Now I lay me down to sleep...Dear Lord please let me sleep.

Woman in bed dealing with sleep issues


Now I lay me down to sleep - trouble is I can’t sleep! Want to beat the “I can’t sleep blues”? There are things you can do that will help.




Sleep is foundational to good physical and mental health. While most people experience some sleep issues (difficulty falling asleep, waking in the night, difficulty returning to sleep, waking too early, restless sleep, etc.) over the course of their lifetime, poor sleep may be a symptom of a physical or psychological issue. You want to give your body the best possible chance of having a good restful sleep. These 10 tips are a good start to a great night sleep.

1. Keep a regular bedtime routine. For example, have a hot bath, put on your pyjamas, brush your teeth, and then listen to soft music and read on the couch until you start to feel sleepy and then go to bed. Having a consistent regular bedtime and routine is important. It signals your brain and body that it is time to go to sleep. Along with that, keep your bedroom a place where you sleep and have sex. Change any bad habits of watching TV in bed, eating in bed, doing work, using your laptop or phone, etc.

2. Switch to decaf. Caffeine stays in your system for approximately 12 hours. That means that if you have a coffee at six o’clock in the evening, half of the caffeine is still in your system at midnight.

3. Reduce or eliminate alcohol. Alcohol may help you fall asleep but after its initial effects wear off, it will make you wake up more often. Alcohol also affects the quality of your sleep keeping you from the deep restorative (REM) sleep your body needs.

4. Dial back the electronics. TVs, computers, and other sources of blue-light can disrupt your sleep. Turn them off an hour before bedtime.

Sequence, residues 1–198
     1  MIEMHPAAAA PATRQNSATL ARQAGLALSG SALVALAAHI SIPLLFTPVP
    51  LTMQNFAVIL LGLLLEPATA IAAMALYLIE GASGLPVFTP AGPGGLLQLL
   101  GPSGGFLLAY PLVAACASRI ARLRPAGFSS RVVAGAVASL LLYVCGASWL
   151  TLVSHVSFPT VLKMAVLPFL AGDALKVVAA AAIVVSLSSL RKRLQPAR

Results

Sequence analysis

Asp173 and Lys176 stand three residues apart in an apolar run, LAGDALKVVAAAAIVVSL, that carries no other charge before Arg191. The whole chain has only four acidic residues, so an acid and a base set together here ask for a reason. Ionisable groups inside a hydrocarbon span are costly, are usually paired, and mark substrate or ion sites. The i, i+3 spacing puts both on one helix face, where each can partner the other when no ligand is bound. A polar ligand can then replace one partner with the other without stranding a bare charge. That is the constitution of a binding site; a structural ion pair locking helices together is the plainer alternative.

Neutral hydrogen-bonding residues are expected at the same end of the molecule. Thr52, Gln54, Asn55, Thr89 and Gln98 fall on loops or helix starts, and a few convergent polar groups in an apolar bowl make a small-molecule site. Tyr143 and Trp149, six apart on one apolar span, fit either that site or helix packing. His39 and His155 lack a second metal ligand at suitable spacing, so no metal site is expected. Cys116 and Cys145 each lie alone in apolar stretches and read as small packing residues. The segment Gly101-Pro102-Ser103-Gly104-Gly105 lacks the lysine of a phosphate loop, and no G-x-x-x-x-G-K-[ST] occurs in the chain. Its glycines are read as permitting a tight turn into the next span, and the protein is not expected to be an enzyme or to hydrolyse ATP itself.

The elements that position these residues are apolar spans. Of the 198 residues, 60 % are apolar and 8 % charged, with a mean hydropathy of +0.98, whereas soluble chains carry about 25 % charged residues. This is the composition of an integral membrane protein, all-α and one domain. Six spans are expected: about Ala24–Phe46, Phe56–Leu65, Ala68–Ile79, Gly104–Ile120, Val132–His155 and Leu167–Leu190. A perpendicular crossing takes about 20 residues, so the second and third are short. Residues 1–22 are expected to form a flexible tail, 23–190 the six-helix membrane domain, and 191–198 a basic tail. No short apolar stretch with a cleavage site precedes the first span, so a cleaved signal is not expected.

5. Say yes to exercise. Get at least 30 minutes per day but not within 3 - 4 hours of going to bed.

6. Eat smart at night. Heavy foods can disrupt sleep but a light snack with carbs can help you sleep - try a banana.

7. Say no to tobacco. Don’t smoke within four hours of going to bed. Nicotine is a stimulant, just like caffeine and it can keep you from falling asleep.

8. Nix daytime naps. Daytime napping will undermine night-time sleep. Overcome that daytime slump with a brisk walk

9. Get up! If you’re struggling to fall asleep and you feel anxious or frustrated, get out of bed. Keep the lights low, have a light snack if you’re hungry, do something relaxing like reading or take a hot bath.

10. De-stress. Two to three hours before bed, put aside work, complicated decisions and thoughts about the cares of the day and switch to relaxation mode. If you still have a lot on your mind, jot it down and let it go for the night. Then, about an hour before you call it a night, read something calming, meditate, listen to quiet music, or take a warm bath.





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Larry G. Pardy CD RSW BSc. HBSW MDiv.
Copyright © L3C 2016



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